Reputation Management Techniques and E-Collaboration: UAE Public Relations Communication Strategies During Crises Management

Reputation Management Techniques and E-Collaboration: UAE Public Relations Communication Strategies During Crises Management

Badreya Al-Jenaibi (UAE University, UAE)
Copyright: © 2019 |Pages: 23
DOI: 10.4018/978-1-5225-6367-9.ch004
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Public relation is one of the significant communication methods in any organization. It leads the internal and external communication strategies, especially during crises. Some of the main goals of public relations are to create, maintain, and protect the organization's reputation, and—ever-increasingly—e-collaboration plays a vital role in accomplishing this goal. The aim of this study is to explore the approaches that help an organization rejuvenate its reputation after damage caused by various crises. It is important to know which PR approaches best engage stakeholders because companies must maintain healthy relationships with all stake-holding entities in order to survive. Qualitative case study was conducted to explore what circumstances can compromise a company's image and what role a PR department would optimally play in rejuvenating it.
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Current public relations incline to be obvious as performing within the management of the organization. “As public relations has shifted from an emphasis on the technical role of the communicator to the strategic communication role of the manager. Management theory has defined organizational effectiveness in a number of ways” (Okafor & Malizu, 2015).

Public relations play a vital role during crises and is critical to their effective management. Turney (2008) posits that PR practitioners typically have daily responsibilities identical to those during crises, such as “maintaining and improving their organization’s relationships by effectively communicating with its target audiences. Public relations practitioners are not normally responsible for resolving the underlying problem(s) that created a crisis situation” (p. 1). Therefore, PR practitioners cannot (and should not) exercise their roles independently or direct the organization’s actions without considering and adhering to the organization’s overarching goals.

Out of necessity, an intense amount of internal scrutiny is directed towards reputation during times of crisis. Rather than seeing this as a negative, Turney (2008) points out that times of crisis can be turned into opportunity for strengthening and growing a company if they are managed well, saying that “Effective crisis communication can actually enhance an organization’s reputation” (p.1). Jennex (2004) defines crises and disasters as unexpected circumstances or situations that demand a swift and effective response that is “different from their normal operating procedures” (p. 86).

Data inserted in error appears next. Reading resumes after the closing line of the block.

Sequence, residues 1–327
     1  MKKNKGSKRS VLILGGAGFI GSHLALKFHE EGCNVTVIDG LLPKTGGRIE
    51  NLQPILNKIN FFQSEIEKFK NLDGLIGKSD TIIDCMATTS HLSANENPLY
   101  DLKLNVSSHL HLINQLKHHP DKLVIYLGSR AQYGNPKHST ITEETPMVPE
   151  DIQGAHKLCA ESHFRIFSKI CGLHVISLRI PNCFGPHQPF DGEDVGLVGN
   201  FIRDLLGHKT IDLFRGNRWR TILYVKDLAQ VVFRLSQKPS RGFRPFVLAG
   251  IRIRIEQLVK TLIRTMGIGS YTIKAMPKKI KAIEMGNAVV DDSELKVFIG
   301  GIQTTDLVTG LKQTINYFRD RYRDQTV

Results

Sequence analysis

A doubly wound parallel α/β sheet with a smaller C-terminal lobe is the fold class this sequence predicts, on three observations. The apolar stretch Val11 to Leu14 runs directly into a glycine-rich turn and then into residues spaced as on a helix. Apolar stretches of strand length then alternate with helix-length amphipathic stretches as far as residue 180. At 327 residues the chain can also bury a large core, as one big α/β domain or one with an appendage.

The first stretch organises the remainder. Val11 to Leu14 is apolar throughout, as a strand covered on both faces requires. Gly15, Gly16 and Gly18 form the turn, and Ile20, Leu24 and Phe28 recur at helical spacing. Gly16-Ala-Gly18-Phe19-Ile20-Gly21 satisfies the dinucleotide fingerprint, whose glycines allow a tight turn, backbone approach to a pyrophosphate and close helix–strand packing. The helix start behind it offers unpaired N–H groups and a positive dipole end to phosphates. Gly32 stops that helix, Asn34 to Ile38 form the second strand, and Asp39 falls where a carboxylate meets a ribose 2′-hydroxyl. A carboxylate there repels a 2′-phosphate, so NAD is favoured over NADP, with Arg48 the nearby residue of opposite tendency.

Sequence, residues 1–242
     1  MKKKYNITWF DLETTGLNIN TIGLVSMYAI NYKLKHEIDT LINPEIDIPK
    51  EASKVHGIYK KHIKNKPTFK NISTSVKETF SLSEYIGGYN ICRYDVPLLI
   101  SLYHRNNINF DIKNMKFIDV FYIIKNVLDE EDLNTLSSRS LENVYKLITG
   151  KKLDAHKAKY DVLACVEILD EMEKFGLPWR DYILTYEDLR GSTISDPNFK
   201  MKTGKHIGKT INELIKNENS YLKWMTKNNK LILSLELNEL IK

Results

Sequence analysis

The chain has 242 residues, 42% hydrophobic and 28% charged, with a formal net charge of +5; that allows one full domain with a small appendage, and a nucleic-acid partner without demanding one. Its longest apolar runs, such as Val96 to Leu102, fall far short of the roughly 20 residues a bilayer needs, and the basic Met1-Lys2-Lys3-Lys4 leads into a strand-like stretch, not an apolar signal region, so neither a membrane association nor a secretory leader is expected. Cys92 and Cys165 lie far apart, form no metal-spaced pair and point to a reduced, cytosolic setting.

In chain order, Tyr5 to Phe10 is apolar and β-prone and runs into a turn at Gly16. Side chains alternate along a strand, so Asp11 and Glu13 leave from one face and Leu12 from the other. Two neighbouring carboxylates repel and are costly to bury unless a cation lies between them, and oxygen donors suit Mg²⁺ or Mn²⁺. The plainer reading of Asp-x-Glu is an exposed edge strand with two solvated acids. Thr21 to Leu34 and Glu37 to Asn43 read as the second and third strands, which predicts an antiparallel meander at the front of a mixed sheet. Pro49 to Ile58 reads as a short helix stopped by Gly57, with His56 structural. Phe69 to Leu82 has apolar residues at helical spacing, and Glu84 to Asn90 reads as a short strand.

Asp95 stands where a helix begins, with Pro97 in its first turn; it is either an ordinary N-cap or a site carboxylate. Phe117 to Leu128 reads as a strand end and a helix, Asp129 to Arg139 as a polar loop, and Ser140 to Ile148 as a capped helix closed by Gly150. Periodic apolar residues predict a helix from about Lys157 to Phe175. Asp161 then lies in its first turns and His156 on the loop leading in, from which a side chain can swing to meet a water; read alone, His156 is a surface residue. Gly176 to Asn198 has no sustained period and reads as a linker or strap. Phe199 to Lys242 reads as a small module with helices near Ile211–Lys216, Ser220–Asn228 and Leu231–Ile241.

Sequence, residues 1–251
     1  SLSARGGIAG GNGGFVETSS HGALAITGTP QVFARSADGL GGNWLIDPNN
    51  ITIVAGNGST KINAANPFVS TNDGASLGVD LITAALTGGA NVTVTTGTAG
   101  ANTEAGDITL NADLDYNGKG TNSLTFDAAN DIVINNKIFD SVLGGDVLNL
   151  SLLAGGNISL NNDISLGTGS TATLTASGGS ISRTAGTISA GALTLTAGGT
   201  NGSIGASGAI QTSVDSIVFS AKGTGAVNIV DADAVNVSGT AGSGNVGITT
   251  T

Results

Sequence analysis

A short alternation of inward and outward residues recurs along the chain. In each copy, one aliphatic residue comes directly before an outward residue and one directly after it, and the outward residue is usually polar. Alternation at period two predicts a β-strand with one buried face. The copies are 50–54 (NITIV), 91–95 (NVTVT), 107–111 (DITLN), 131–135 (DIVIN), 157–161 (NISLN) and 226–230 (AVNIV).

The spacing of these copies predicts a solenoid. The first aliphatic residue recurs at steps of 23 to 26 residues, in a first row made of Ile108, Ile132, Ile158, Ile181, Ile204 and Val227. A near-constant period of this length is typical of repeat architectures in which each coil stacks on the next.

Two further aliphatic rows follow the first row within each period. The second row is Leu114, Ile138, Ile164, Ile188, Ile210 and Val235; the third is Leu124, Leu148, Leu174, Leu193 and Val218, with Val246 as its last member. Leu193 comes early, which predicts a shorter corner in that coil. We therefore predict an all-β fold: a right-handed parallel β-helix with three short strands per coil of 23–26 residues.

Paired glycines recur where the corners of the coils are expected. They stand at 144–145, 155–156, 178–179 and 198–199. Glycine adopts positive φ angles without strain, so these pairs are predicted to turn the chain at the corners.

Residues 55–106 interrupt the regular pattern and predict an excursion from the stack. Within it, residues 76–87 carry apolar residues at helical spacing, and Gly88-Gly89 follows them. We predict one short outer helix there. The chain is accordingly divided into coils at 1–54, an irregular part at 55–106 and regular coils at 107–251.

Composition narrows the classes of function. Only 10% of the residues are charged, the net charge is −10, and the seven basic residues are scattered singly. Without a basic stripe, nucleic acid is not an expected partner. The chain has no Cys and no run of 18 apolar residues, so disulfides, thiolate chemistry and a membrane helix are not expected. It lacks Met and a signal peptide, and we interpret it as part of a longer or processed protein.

Even though in any crisis, PR is always looking to manage the immediate reactions, maintaining a longer-term perspective that focuses on increasing ongoing communications with targeted populations is good practice, and contributes to a better overall outcome. Latonero and Shklovski (2011) discussed the importance of quick responses during crises, and they agreed that “the general goal of risk and crisis to inform the public of potential or current events and to persuade the public to adapt their behavior in ways that would improve health and safety” (p. 5).

Occasionally, situations require immediate damage control, in which case an appropriate set of actions must be quickly devised in order to manage the situation. In the concise and memorable words of Brigulio (2004), during times of crisis, organizations must “tell the truth, tell it all, and tell it fast.” According to Shaw (2006), crisis management is:

…the coordination of efforts to control a crisis event consistent with strategic goals of an organization. Although generally associated with response, recovery and resumption of operations during and following a crisis event, crisis management responsibilities extend to prevent awareness, prevention and preparedness and post event restoration and transition (p. 66).

A longtime public relations scholar and professional leader, the late Farlow (1976), compiled almost 500 definitions for the term “public relations.” From these, he then identified the major common elements in an attempt to arrive at a cohesive definition of “public relations.” His resulting definition encompasses both conceptual and operational elements (Farlow, 1976). In essence, public relations can be defined as a professional field concerned with maintaining public image for high-profile people, organizations, or programs.

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